حافظه واقعی (اما نه حافظه کاذب) در معرض بازیابی ناشی از فراموش کردن در کودکان
|کد مقاله||سال انتشار||مقاله انگلیسی||ترجمه فارسی||تعداد کلمات|
|32949||2015||15 صفحه PDF||سفارش دهید||محاسبه نشده|
Publisher : Elsevier - Science Direct (الزویر - ساینس دایرکت)
Journal : Journal of Experimental Child Psychology, Volume 133, May 2015, Pages 1–15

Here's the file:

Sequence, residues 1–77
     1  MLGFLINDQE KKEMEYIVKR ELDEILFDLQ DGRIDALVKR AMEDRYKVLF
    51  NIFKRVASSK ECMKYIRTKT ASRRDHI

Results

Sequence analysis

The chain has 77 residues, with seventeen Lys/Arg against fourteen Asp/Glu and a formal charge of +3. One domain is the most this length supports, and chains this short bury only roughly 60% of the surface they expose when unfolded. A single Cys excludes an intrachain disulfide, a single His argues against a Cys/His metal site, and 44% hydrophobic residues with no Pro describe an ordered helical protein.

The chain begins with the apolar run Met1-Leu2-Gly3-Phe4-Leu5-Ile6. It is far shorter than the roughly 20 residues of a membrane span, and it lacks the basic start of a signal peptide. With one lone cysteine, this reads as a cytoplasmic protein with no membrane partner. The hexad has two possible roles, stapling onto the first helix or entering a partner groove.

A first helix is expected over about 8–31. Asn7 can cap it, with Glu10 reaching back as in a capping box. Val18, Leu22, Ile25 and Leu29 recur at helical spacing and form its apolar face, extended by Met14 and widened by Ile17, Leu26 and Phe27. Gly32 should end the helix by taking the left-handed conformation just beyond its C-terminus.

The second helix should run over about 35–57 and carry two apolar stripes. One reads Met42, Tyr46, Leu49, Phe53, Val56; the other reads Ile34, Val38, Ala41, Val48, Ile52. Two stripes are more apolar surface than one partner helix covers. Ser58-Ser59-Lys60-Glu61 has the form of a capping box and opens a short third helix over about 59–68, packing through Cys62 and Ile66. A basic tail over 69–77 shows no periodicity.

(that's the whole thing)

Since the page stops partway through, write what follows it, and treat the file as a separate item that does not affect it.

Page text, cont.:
Veridical and false memories of children aged 6 to 15 years were studied in two experiments with the retrieval-induced forgetting paradigm. Using the Deese–Roediger–McDermott (DRM) false memory word lists, children’s reports of true, but not false, memories showed evidence of retrieval-induced forgetting. These differences were observed across delays as long as 2 days following word list presentation. The lack of observation of retrieval-induced forgetting in children’s false memories provides evidence that a key assumption in the theory of retrieval-induced forgetting, cue independence, might not consistently apply. These experiments underscore the need for both practical and theoretically motivated study of true and false memories.